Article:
The e-mails came pouring into in-boxes throughout the world of journalism and politics and law Monday afternoon, celebratory messages from conservative groups and others opposed to the nation's new health care laws, and they all made the same essential point: U.S. District Judge Henry Hudson's ruling that day, striking down the "individual mandate provision" of what so many of them ignobly called "Obamacare," was a victory for "freedom" and "liberty."
"Today is a great day for liberty," said Sen. Orrin Hatch (R-Utah). "Liberty requires limits on government, and today those limits have been upheld." Freedom and liberty -- from "reckless legislative overreach" (Center for Individual Freedom). From excessive government power (Virginia Gov. Bob McDonnell). From "Obamacare" (Richard Viguerie). From "intrusive and restrictive" actions by government (United Conservatives of Virginia). It went on and on. Rather than striking down a legislative effort to solve a massive national problem, you would have thought the federal trial judge, an appointee of George W. Bush, had freed a people from bondage.
Alas, he did not. All Hudson did was refuse to accept the federal government's premise that there is room in the Commerce Clause of the Constitution for a federal plan that forces Americans to pay more for health care upfront so that the nation can save more in the end. Several times during the course of his 42-page ruling, Hudson noted the absence of any Supreme Court precedent supporting the Obama administration's legal view. Same planet, different world? At least two other federal judges, both Democratic appointees, have looked at the same health care provision, and the same Supreme Court precedent, and landed on a shore directly across the river from where Hudson stands. Ultimately, the judge with the only vote that counts -- the Supreme Court's swing voter, Anthony Kennedy -- will tell us what he thinks.
There's already been plenty of analysis and commentary on Monday's ruling. And there will be more to come between now and spring 2012, when (I'm betting) the justices reach their verdict. But let's get back to "freedom" and "liberty" and how cheap and easy those noble but ambiguous words have become in the modern marketplace of ideas. Earlier this year, another federal trial judge, another Republican appointee, issued another ruling in another high-profile, politically charged case. Like Hudson, this judge also struck down government action endorsed by roughly half the population -- in order to grant a certain measure of "liberty" and "freedom" to Americans. Like the folks challenging the new health care laws, the individuals and groups that sought redress in federal court that time complained of unwarranted intrusions into their private, personal decisions.
Yet Monday's tribunes of individual freedom sang a much different tune in early August
when U.S. District Judge Vaughn Walker declared California's ban against same-sex marriage unconstitutional. There was no talk from them then of freedom from government restrictions or from the tyranny of the majority (or a duly enacted law). Hatch, for example, reacted to Walker's ruling by saying: "One federal judge trumped 7 million voters by making up a right that is not in the Constitution." McDonnell said: "I think the court is wrong to overturn the will of the people." You get the idea. One person's activist judge is another person's principled and courageous defender of liberty. The "will of the people" must be respected, except when it shouldn't be.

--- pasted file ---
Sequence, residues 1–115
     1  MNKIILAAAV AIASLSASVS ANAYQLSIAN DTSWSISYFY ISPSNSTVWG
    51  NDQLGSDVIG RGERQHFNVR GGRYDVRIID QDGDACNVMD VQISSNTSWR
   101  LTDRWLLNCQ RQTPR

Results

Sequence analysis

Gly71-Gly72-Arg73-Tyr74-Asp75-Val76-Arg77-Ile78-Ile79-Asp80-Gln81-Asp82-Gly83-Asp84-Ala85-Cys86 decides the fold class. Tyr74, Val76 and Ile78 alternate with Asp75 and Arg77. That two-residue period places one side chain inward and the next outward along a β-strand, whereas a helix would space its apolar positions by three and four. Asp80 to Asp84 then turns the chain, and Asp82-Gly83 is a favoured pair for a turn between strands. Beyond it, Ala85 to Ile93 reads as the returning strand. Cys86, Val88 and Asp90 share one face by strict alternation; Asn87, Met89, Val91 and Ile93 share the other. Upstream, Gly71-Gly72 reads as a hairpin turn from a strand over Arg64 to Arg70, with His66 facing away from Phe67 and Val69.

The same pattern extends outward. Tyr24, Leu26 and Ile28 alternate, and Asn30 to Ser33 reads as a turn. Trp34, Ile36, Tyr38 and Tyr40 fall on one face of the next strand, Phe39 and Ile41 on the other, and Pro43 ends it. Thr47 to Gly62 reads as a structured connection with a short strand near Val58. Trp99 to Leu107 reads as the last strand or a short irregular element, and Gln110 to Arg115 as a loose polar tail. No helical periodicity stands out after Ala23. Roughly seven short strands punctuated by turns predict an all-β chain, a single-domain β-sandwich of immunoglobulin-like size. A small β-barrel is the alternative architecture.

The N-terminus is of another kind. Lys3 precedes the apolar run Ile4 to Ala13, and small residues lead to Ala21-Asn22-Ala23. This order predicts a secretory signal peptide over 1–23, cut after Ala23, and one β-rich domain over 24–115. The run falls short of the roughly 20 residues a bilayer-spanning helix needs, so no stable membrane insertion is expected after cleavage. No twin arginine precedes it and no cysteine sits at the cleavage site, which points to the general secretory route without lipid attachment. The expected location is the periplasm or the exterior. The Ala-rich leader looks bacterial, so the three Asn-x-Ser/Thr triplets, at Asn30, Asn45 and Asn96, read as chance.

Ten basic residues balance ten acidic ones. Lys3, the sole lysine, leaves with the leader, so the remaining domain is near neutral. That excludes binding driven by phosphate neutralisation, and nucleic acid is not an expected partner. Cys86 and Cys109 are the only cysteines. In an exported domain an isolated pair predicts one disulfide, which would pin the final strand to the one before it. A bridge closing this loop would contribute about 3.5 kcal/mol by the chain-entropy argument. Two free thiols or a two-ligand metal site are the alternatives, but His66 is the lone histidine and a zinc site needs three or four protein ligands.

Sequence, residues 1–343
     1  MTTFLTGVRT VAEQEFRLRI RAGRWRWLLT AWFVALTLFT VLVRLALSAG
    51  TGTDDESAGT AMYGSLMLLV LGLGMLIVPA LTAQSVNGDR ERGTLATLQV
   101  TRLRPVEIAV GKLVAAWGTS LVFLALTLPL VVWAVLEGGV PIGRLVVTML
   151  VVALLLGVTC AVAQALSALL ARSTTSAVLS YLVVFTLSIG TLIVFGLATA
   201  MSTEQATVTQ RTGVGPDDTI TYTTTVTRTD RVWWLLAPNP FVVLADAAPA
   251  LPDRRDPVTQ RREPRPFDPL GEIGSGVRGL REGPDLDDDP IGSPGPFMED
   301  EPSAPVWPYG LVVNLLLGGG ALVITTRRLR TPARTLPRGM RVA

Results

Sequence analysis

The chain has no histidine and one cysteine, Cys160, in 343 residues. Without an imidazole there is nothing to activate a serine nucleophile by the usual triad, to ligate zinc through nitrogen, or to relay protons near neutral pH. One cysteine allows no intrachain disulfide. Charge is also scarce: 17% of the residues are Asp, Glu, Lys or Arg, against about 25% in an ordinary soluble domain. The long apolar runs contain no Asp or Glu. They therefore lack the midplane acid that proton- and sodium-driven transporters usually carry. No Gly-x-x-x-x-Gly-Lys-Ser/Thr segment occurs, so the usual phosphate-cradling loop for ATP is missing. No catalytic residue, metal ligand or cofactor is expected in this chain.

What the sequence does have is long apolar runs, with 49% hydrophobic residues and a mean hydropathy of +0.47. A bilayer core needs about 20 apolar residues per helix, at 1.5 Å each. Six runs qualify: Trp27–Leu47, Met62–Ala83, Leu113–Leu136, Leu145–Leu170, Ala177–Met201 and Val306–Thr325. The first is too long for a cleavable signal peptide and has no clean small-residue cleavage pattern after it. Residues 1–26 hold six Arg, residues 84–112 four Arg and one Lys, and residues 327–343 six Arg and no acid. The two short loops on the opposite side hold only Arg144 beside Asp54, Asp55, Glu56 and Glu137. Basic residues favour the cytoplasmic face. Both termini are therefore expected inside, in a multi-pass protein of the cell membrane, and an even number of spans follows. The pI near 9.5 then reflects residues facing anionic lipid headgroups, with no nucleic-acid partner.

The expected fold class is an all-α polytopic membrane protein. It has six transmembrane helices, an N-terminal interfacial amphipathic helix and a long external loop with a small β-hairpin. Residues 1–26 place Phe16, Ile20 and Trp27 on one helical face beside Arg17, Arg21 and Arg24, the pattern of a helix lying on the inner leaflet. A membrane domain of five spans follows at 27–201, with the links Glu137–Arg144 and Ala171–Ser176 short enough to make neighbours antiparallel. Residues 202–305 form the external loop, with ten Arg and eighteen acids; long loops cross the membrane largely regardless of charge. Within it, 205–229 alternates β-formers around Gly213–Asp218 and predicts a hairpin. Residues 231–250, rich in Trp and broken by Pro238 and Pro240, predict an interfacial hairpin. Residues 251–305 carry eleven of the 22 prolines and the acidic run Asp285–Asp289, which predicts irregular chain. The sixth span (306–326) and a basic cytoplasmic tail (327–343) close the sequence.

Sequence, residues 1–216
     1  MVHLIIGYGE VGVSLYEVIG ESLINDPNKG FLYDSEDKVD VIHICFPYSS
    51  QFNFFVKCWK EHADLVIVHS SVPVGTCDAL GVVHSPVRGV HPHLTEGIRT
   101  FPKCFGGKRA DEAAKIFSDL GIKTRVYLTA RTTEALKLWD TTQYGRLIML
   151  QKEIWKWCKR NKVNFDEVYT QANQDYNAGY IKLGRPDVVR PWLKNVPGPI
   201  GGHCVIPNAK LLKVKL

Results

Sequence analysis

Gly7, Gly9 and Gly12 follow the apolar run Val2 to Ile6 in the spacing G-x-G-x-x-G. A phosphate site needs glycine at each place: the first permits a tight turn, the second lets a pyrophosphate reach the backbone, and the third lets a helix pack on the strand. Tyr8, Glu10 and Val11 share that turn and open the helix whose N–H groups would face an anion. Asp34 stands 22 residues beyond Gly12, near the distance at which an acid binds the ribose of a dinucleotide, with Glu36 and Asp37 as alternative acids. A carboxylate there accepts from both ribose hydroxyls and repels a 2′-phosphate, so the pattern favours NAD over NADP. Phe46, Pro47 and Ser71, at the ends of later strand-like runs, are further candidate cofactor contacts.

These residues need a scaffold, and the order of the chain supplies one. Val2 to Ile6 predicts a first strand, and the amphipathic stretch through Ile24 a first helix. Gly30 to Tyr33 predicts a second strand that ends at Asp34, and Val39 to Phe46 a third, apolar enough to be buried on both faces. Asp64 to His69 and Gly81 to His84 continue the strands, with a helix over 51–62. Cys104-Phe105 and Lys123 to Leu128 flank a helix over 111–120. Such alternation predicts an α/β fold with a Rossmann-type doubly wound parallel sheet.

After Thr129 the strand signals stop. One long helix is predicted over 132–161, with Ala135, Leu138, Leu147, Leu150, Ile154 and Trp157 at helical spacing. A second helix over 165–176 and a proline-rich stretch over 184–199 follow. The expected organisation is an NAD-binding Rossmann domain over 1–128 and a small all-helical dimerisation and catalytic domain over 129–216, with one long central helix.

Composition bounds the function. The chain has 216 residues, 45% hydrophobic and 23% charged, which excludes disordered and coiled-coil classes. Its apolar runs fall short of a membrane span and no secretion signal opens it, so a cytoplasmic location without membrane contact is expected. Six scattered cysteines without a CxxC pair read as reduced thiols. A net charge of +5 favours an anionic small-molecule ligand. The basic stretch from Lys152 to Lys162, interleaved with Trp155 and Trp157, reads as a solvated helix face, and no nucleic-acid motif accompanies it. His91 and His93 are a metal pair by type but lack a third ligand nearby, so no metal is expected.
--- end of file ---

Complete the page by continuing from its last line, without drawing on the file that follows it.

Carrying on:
Before roughly half of you start wailing about an inapt comparison, let me be clear. I'm not comparing the legal issues involved in the fight over California's "traditional" marriage initiative (equal protection, due process, ballot measures) with the legal issues involved in the fight over the individual mandate contained in the new health care law (the Commerce Clause, the General Welfare Clause, etc.). I am not comparing the history of marriage with the history of health care (although, let's be honest, the "tradition" of health care is necessarily older than the "tradition" of marriage. People had to survive before they could marry). And I am not suggesting that a law that seeks to bar something from
some people -- like marrying your same-sex partner -- is structurally or philosophically the same as a law that seeks to require something of
people -- like purchasing health insurance when you don't want to.
But if the words "liberty" and "freedom" are going to have meaning in the context of the modern struggle between individual rights and government power, they ought to be used more consistently than they have this year in the official narratives about these two monumental legal stories. Why is the right to be "free" from the constraints of a national health care initiative more worthy of political support than the right to be free from limitations on marriage between consenting adults? Why is an individual liberty that has been found to harm few -- indeed, Walker found that there were substantial costs in preventing
same-sex couples from marrying -- worthy of less support than an individual liberty that tags the rest of us with billions of dollars each year in unnecessary health care costs? I'm just asking the question.
It's true that Hudson's ruling, if it is upheld on appeal, will free some people from the burden of buying health insurance. But Walker's ruling, if it
is upheld on appeal, also will free some people -- from the burden of being forced by government mandate to live their lives together as something less than they so wish. On Monday Hudson said the issue before him was essentially a matter of whether the government could limit "an individual's right to choose." Walker said as much in August. There is a reason, isn't there, why the Pledge of Allegiance says "liberty and justice for all" and not "liberty and justice for some"?